The Back StoryI loved the Narnia books when I was growing up; I still have the boxed set that I read when I was 10 or so.
As I got older, I didn't read fantasy as often, though I still love it, and I tend to read a lot of non-fiction and biographies. My love for children's literature, though, hasn't abated, and has evolved into a curiosity about the authors who write it. My book shelf has quite a few books about children's authors and illustrators: The Art of Maurice Sendak, TalkTalk (about E. L. Konigsburg), The Art of Eric Carle, and The Essential Guide to Children's Books and their Creators, for example.
A Netflix envelope arrived two days ago, and in it was "C.S. Lewis and the Chronicles of Narnia," which tells the true story of the author and how he came to write the Narnia books.
For instance, I didn't know that Clive renamed himself Jack when he was a small boy because he didn't like the name Clive -- imagine that! -- and that is what he went by all his life. I did know he was a professor at Oxford University, but did not know that even after 30 years there and successfully publishing many acclaimed books, they would not make him a full professor. Without his solicitation, Cambridge offered him a position as full professor, and he took it.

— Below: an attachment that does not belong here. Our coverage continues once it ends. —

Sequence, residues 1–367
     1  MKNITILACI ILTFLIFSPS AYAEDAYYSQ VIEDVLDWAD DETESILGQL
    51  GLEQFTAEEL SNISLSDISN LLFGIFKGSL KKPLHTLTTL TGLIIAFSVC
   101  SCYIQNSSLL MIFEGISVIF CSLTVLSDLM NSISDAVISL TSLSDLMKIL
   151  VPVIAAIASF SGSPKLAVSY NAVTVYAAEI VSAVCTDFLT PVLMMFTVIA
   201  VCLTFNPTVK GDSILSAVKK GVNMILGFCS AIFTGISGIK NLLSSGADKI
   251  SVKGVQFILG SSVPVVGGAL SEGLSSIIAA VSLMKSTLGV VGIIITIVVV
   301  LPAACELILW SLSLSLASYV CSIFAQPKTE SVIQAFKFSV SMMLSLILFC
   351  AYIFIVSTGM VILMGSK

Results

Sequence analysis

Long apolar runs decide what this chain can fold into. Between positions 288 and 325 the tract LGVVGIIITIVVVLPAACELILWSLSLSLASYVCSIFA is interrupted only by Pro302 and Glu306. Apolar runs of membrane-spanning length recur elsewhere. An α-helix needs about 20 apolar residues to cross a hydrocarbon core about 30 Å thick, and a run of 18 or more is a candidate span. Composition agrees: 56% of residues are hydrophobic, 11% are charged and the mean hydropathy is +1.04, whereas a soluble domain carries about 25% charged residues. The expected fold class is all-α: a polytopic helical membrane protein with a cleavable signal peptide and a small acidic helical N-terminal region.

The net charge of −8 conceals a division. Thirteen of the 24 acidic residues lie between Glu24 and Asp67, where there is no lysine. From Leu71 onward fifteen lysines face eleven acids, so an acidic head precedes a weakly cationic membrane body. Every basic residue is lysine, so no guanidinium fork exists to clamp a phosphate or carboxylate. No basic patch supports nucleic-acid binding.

I figured he had made a decent chunk of money on his books, and he did....but he gave most of his royalties from the Narnia books to charities, and mainly to ones that served children. He also set up a school for children who could not otherwise afford an education.
He married late in life to an American woman, 20 years his junior, who tragically succumbed to cancer just 4 years after they married.
His mother had died of cancer when he was a boy, and this had really shaped him, so he was perhaps the ideal stepfather to his wife's two sons, David and Douglas, after she died.C.S. Lewis Foundation.
trailer, too, guess what's going in my Netflix queue?